Higher Education

David Randall, Ph.D. | May 5, 2022

Oklahoma higher ed is hiring (conservatives need not apply)

David Randall, Ph.D.

Oklahoma’s radical higher education establishment wants to make sure that the next generation of professors will only include radicals. It’s not as if Oklahoma professors were conservative before, but at least they were being hired for job-related skills. That’s coming to an end. The radicals are seizing control of the job advertisements for new professors. If you use the right words to craft the requirements, you can make sure that only radicals will be hired.

Consider two similar job advertisements, one with and one without the new radical requirements.

The University of Central Oklahoma (UCO) is hiring an Instructor in Musical Theatre. Aside from the dangerous implications lurking in “adheres to the educational philosophy of the university” (“educational philosophy” now can mean “diversity, equity, and inclusion”), the job confines itself to professional qualifications, such as “extensive performance and teaching experience in the field of musical theatre” and “ability to direct stage productions at a professional level.” UCO (at least formally) just wants anybody who can teach students how to put on a good show.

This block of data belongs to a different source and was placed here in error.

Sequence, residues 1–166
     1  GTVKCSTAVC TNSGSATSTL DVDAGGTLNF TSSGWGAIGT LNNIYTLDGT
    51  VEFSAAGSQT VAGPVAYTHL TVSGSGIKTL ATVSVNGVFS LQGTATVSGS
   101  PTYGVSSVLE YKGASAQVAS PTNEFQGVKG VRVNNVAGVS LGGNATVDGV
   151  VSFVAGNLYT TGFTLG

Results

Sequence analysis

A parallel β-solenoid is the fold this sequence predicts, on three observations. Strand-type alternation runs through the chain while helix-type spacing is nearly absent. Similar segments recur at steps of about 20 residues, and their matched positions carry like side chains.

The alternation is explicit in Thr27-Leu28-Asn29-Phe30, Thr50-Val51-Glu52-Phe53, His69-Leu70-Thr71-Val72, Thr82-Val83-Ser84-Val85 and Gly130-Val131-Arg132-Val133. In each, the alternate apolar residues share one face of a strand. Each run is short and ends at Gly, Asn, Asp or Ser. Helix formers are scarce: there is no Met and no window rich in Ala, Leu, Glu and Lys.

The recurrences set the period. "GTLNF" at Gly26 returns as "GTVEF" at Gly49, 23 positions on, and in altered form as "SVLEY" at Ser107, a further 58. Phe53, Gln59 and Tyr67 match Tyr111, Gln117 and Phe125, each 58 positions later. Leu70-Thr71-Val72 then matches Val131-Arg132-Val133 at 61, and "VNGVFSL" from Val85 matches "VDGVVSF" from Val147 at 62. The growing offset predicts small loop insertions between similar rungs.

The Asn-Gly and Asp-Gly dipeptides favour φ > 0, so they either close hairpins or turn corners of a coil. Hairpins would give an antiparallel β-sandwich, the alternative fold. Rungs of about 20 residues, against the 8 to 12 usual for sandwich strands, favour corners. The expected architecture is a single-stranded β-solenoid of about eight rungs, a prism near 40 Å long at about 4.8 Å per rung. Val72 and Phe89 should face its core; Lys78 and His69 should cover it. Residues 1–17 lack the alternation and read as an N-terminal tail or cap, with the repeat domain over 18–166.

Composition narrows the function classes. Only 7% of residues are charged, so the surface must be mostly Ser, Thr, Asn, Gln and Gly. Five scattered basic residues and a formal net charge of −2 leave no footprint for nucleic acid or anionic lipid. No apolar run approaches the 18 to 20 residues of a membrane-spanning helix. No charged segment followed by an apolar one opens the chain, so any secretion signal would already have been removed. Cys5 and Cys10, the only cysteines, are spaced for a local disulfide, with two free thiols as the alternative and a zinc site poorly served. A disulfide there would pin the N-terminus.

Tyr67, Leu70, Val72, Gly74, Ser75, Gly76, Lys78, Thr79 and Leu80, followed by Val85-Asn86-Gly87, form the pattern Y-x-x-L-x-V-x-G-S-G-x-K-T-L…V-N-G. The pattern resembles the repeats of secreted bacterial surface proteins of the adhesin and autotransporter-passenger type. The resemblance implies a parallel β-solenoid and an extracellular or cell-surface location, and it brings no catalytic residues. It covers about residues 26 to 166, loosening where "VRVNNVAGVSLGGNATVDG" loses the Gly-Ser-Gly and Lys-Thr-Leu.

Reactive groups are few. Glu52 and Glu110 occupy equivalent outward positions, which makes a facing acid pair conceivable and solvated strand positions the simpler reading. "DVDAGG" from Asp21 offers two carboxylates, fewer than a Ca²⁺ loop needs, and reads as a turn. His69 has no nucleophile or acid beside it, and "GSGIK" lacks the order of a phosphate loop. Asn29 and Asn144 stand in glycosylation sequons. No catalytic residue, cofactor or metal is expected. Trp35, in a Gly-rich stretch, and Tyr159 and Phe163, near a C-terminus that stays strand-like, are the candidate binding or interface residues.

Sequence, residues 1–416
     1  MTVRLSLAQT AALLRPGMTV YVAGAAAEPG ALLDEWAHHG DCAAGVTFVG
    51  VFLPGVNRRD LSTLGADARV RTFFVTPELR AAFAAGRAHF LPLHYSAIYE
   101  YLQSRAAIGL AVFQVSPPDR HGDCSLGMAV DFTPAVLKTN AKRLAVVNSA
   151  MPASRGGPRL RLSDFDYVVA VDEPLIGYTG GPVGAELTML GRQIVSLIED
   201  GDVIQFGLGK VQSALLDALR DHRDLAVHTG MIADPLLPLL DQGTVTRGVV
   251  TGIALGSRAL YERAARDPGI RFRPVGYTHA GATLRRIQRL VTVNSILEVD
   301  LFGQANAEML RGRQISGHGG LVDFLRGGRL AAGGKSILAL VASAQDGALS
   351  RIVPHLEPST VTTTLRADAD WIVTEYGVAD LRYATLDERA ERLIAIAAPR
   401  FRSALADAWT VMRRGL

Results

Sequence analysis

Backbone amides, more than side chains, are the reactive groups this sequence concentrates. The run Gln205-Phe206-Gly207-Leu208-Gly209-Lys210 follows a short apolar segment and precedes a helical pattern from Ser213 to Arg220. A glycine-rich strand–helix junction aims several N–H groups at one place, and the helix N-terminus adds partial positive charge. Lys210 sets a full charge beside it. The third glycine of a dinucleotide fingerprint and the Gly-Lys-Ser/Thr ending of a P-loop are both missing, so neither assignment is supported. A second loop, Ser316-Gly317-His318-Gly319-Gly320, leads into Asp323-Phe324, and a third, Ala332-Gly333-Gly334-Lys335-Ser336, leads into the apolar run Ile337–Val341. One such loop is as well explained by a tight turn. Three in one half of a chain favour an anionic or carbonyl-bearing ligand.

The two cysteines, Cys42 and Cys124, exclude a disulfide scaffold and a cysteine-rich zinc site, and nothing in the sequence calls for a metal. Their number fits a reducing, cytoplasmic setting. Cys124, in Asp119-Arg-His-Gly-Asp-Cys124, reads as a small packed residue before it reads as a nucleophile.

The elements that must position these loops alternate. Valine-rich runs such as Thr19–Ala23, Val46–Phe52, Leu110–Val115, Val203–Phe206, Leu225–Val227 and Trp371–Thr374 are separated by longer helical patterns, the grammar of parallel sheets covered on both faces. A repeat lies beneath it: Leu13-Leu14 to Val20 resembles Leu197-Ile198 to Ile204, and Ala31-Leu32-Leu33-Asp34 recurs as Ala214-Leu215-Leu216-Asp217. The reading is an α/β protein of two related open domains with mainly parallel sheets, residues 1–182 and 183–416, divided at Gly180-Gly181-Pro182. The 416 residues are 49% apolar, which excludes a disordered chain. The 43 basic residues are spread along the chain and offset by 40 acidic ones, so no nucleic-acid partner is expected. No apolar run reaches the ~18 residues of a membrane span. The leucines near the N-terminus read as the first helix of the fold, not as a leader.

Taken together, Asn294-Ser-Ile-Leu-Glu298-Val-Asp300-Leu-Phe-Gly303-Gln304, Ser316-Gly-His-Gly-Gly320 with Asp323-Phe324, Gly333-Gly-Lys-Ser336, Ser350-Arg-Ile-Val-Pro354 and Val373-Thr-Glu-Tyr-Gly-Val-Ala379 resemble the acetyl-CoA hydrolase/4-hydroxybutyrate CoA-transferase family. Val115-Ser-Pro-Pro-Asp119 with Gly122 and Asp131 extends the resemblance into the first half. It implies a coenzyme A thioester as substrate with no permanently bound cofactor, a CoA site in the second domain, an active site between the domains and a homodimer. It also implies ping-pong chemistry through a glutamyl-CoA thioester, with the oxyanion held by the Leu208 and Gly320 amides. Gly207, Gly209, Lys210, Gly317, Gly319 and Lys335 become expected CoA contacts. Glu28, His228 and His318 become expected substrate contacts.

By contrast, the University of Oklahoma (OU) has inserted extensive language to limit job applicants for an Assistant Professor of Musical Theatre Performance to a radical fringe.

We are seeking an acting teacher/stage director in musical theatre who … can equip our majors with the skills to develop their unique artistic voice, explore and expose oppressive structures and power dynamics within our culture and artform, and increase the incorporation of inclusive pedagogies in our classrooms. ... Additional areas of expertise may include non-Western performance techniques, especially from the African diaspora, Latinx, Asian, or Indigenous cultures, or specializations in works from a Feminist or Queer theatre perspective.

Oppressive structures. Power dynamics. Inclusive pedagogies. Latinx. Feminist. Queer. While UCO’s job advertisement will likely secure a liberal (if only because conservatives are thin on the ground in musical theatre), it would be a liberal hired purely for professional talent. OU’s job advertisement, by contrast, makes radical advocacy part of the job.

‘Culturally Responsive Pedagogy’

The radicals have inserted the same sort of language in job advertisement after job advertisement. At UCO, the English department is hiring “a poet whose work significantly engages with issues of race/ethnicity, identity, and culture and who has a strong commitment to antiracist and social justice pedagogy.”Applicants are required to submit a “teaching statement that demonstrates commitment to racial justice in the classroom.”